Five of them approach, half-human monkeys we created for our amusement long ago, before their rebellion left Earth desolate. They drag a body through the dust by its ankles. The skin’s grey pallor and clay-encrusted limbs tell me all I need to know before the stench of it reaches my nostrils.
“Help her.” One of them speaks in a hoarse bark, like a dog with surgically impaired vocal cords.
I stand outside my cinder block hut and patch the clay exterior with a trowel. The concrete inner walls are nothing against these desert winds. They require a natural barrier and regular maintenance to avoid erosion. From dust to dust.
“Bring her to life.” The fuzzy sun-burned creature points at the body. His four brothers crowd around, staring up at me with stark white eyes and pinprick irises. “Do like before.”
I set down my bucket and carefully place the trowel beside it. They must not think I am armed. The last thing the Church needs is to lose another missionary on this reservation. I would make three in as many months at the hands of these primates.
“That was different, Jason.” I shake my head. “You were not—”
“Bring her back.”
It’s a full-grown female, the same genetic hybrid they are. The flesh is in an extreme state of decomposition—not a surprise, considering the shallow graves they dig for their kind. But there are no ravenous beasts to consider anymore, and grave-robbing is not part of their culture.
Until today. They have exhumed an entire body.
“We want her alive again,” rasps a little one who jostles his way to the front of the pack.
“Now.” Jason is their leader; again he points. “Breathe life into her.”
How can I make them understand? “You were not dead. You fell from a great height and could have died, but all I did—”
“Do it for her.” They advance, and I can’t help cringing at the touch of their sticky fingers clinging to my arms, insistent as they drag me to the corpse of their mother. “We need her.”
It’s foolish even to think of resisting. They’re stronger than ten men, even as boys. But of course the Church doesn’t want me to think of them as “boys,” although it’s impossible not to. They carry human DNA, so it’s assumed they must have something of a soul. And if so, they can be saved from eternal damnation.
They pull me to my knees beside the emaciated body. Its head tilts back on a frail neck with yellow fangs gaping, eye sockets hollow and puckered, the skin equally parched and drawn back from where lips had been. The odor is too much to bear as her children shove me close and hold me down. Bile surges in a reverse waterfall. I choke.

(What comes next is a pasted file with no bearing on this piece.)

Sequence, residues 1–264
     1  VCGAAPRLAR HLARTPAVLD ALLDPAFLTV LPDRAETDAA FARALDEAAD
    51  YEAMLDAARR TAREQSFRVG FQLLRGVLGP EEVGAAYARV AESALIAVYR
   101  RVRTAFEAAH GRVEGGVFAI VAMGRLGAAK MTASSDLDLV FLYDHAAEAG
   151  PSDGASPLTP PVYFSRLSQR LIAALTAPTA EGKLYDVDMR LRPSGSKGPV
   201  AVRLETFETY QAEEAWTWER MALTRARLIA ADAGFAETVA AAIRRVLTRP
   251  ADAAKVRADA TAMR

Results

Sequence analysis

“Breathe life!” Jason grips the back of my neck.
“She’s dead,” I manage over the battle between my heaving bowels and thundering heart. “I can’t help her.”
“Do like you did for me.”
Recoiling at the thought, I realize it may be the only way. I’ll have to show them the futility of their request.
Swallowing the gorge in my throat, knowing it is better than what I’m about to taste, I press my lips against the corpse’s mouth and exhale with great force, jerking back from the chapped leather with a wince as it releases a rotten gust all its own.
“She breathes, you see!” the little one cries.
“No.” I fight to keep myself from gagging. “There are gases inside her—”
“Do it again!” Jason forces me down, and I comply. I have no choice. And this time, he does not release his hold for me to catch my breath. “Again!”
I struggle to turn my head aside. “It won’t help. She’s gone.” My eyes smart with tears. “She has been in the earth too long.”
He tugs me back and I land sprawling in the dust. The others crowd around me, their simian faces comical if they weren’t blocking the sun from me and scowling.
Is this how my predecessor spent his last moments? Was he this afraid for his life?
“Why won’t you save her?” one of them demands.
“He beat on Jason’s chest.” The little one remains beside the body to demonstrate. Ribs crunch beneath his small fist.
Have they no respect for the dead? How to teach them something they cannot fathom?
“You must return her to the earth.” Somehow, I am able to keep my voice steady.
Jason turns to tower over me with his broad chest heaving, fists clenched at his sides. Behind him, more ribs break inside their mother’s body.
“Stop it.” The little one scampers to Jason’s side at the command with his tail tucked between his legs, so to speak. He hadn’t been engineered with one. Jason ignores him and narrows his gaze at me. “You are not Jesus.”
My lips part but no words come. I clear my throat. “No.” I never claimed to be.
“And I am not Lazarus.”
He turns on his heel, and his brothers move to follow, casting back curious glances. They grab hold of their mother and haul her away through the dust with a small plume in her wake, the rotten feet jiggling.
I spit to the side and wipe my mouth on my sleeve. Both knees wobble in their sockets as I rise and reach for the bucket. The clay inside has hardened in the direct sunlight.
The monkeys return the corpse to its grave and avoid me the remainder of the day.
The Church will expect my daily report. I’ll share the good news that these creatures have apparently been listening to the stories I tell them on Sundays. I won’t share that my interference—resuscitating one of the boys—may have caused irreparable confusion.
But as long as they allow me to live through the nights, I pray there will be a tomorrow to make amends.
Milo James Fowler is a teacher by day and a speculative fictioneer by night. Visit him on the web at www.milojamesfowler.com
Image by Sten Dueland